Teens Using Drugs to Cope with Stress, Parents Underestimating Pressures

NEW YORK, NY – A new study released by the Partnership for a Drug-Free America reveals a troubling new insight into the reasons why teens use drugs. According to the 2007 Partnership Attitude Tracking Study of 6,511 teens (PATS Teens), the number one reason teens see for using drugs is to deal with the pressures and stress of school. In this nationally projectable study (margin of error +/- 1.6 percent), 73 percent of teens reported that school stress is the primary reason for drug use, indicating that teens’ perceptions of motivating factors for using drugs are dramatically different than past research has indicated.
Deep Disconnect Between Teen Behavior and Parental Awareness
An accompanying 2007 Partnership study of parents’ attitudes about teen drug use, released in June, showed that parents severely underestimate the impact of stress on their teens’ decision to use drugs. Only 7 percent of parents believe that teens might use drugs to cope with stress.
“A wide disconnect exists between what teens are thinking and feeling and what parents believe about their teens when it comes to attitudes about drug use,” said Steve Pasierb, president and CEO of the Partnership. “This is a pivotal opportunity for parents to understand what motivates today’s teens to engage in this type of risky behavior, and to communicate the very real dangers and risks, while offering their kids support and guidance on dealing with pressure in a healthy way.”
In previous PATS Teens studies, when teen respondents were asked to select from a number of reasons for using drugs, the number one reason (65 percent) selected was to “feel cool.” The 2007 study was the first to offer the option of selecting school stress as a motivator, one which nearly 3 out of 4 teens (73 percent) strongly agreed with. This was followed closely by “feeling cool” (65 percent) and “feeling better about themselves” (65 percent).
Over the past decade, studies have indicated a steady changing trend in what teens perceive as the motivations for using drugs. The “to have fun” rationales are declining, while motivations to use drugs to solve problems are increasing.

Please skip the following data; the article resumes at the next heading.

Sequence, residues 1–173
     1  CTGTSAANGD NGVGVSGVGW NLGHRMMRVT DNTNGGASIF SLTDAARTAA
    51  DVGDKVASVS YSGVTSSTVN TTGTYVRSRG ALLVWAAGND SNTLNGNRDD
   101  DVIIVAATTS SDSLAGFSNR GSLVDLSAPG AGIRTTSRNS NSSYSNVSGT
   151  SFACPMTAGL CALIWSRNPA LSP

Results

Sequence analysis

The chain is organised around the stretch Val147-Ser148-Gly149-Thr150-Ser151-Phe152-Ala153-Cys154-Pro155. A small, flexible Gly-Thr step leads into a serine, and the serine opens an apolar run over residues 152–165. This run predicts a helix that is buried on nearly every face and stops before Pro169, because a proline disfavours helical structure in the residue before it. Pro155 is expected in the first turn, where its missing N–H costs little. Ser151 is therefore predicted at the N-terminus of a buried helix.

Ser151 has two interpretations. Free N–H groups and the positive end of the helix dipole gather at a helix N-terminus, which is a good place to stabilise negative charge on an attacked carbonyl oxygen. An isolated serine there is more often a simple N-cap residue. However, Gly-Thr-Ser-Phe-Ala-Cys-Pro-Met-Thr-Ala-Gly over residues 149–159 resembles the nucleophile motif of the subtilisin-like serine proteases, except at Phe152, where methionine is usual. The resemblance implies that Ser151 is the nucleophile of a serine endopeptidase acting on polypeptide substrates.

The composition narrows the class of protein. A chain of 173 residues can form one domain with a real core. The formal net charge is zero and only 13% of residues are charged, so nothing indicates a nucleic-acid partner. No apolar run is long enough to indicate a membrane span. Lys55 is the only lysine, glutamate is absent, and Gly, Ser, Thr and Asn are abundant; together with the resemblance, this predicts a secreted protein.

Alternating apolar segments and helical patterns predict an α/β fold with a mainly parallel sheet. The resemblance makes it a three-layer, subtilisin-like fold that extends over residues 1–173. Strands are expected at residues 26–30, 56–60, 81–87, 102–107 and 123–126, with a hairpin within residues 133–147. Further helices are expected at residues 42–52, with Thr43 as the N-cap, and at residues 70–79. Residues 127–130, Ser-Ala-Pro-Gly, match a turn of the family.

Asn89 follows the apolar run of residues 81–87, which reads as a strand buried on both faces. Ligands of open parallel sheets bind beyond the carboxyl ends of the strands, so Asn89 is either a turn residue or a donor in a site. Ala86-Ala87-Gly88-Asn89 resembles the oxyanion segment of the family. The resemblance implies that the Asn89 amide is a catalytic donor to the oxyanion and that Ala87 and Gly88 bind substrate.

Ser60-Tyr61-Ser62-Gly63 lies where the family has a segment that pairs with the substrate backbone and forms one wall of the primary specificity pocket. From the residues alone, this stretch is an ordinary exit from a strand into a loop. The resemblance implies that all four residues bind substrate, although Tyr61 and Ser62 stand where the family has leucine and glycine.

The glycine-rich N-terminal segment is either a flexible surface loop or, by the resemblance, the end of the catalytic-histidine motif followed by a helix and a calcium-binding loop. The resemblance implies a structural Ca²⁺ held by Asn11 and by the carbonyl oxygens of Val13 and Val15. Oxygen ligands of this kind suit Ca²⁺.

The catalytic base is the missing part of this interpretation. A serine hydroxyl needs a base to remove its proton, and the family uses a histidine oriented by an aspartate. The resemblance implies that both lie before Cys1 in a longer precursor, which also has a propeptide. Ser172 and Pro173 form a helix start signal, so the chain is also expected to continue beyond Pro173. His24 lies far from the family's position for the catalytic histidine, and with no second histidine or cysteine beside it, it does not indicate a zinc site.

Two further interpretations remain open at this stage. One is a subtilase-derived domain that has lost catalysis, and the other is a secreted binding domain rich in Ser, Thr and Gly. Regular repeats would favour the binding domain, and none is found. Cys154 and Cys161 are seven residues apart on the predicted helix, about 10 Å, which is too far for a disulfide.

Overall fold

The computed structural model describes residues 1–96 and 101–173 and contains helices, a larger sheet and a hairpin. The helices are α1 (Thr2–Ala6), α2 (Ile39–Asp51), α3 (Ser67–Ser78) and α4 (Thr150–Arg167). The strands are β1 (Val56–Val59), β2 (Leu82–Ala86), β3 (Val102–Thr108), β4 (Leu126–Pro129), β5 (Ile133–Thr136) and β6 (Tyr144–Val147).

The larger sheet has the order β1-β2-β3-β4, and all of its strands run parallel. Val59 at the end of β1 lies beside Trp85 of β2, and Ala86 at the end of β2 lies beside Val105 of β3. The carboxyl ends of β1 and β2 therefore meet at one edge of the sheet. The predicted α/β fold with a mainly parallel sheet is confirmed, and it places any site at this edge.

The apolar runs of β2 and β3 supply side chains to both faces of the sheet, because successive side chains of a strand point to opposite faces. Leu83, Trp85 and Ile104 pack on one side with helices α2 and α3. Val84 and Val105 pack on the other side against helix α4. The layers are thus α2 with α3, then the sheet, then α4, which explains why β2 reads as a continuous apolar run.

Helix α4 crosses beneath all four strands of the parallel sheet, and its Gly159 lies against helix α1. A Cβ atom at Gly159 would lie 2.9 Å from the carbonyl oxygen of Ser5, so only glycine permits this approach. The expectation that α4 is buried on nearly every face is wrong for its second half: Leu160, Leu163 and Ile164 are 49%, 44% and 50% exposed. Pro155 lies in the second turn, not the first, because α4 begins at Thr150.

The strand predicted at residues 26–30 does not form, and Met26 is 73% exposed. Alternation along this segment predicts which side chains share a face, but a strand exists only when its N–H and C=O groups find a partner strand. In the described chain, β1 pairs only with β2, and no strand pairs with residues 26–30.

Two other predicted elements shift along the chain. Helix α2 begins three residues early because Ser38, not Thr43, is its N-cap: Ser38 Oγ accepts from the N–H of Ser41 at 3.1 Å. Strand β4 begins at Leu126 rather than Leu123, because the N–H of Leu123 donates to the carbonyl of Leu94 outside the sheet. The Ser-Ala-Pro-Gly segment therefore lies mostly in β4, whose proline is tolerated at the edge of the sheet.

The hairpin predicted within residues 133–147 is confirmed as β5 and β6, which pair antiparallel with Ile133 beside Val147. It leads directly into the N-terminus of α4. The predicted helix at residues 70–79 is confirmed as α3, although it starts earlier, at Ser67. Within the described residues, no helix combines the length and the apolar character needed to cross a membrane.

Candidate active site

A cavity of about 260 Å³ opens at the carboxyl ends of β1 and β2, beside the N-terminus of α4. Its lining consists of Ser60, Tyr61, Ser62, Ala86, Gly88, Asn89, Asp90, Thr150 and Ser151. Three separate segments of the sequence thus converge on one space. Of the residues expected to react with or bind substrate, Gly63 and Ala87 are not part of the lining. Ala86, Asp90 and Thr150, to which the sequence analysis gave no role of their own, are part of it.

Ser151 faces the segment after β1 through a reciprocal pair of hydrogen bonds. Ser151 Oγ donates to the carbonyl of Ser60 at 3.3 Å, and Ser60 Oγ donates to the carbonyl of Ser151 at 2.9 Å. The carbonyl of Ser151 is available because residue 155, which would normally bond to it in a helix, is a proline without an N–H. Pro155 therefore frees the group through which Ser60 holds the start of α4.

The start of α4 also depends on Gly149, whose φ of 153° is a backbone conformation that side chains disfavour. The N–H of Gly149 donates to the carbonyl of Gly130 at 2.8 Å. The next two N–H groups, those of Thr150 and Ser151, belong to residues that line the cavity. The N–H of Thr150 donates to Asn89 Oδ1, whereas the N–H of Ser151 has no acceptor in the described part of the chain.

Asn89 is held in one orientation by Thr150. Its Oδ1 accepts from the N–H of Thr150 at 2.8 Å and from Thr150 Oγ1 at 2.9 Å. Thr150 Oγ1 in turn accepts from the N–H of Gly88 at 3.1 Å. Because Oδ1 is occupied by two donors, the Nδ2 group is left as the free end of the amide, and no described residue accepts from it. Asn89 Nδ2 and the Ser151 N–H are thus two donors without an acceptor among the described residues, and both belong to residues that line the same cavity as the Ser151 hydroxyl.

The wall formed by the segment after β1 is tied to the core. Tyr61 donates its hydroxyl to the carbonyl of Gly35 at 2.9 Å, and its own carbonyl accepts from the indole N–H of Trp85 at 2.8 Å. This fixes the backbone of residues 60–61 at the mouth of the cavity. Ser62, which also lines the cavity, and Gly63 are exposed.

Overall Teen Drug Use Declining; Prescription Drug Abuse Disturbingly High Among Nation’s Youth
The 2007 PATS Teens study confirms that overall substance abuse remains in steady decline among teens. Marijuana use is in its tenth consecutive year of decline, down 30 percent since 1998 alone. Teen use of Ecstasy, inhalants and methamphetamine has continued a multi-year, significant decline, and use of both alcohol and cigarettes continue to decrease.
Teens’ ongoing intentional abuse of prescription and over-the-counter medications remains a serious concern, as many teens mistakenly believe the abuse of medicines is less dangerous than abuse of illegal drugs.
According to the survey:
• 1 in 5 teens (4.4 million) has abused a prescription medication,
• Nearly 1 in 5 teens (4.2 million) has already abused a prescription painkiller,
• 41 percent of teens think it’s safer to abuse a prescription drug than it is to use illegal drugs.
“Teens continue to take their lives into their own hands when they intentionally abuse prescribed medications, said Pasierb. “Whether it’s to get high or deal with stress, or if they mistakenly believe it will help them perform better in school or sports, teens don’t realize that when used without a prescription, these medicines can be every bit as harmful as illegal street drugs.”
Source Press Release. Partnership for a Drug Free America. Aug. 2008

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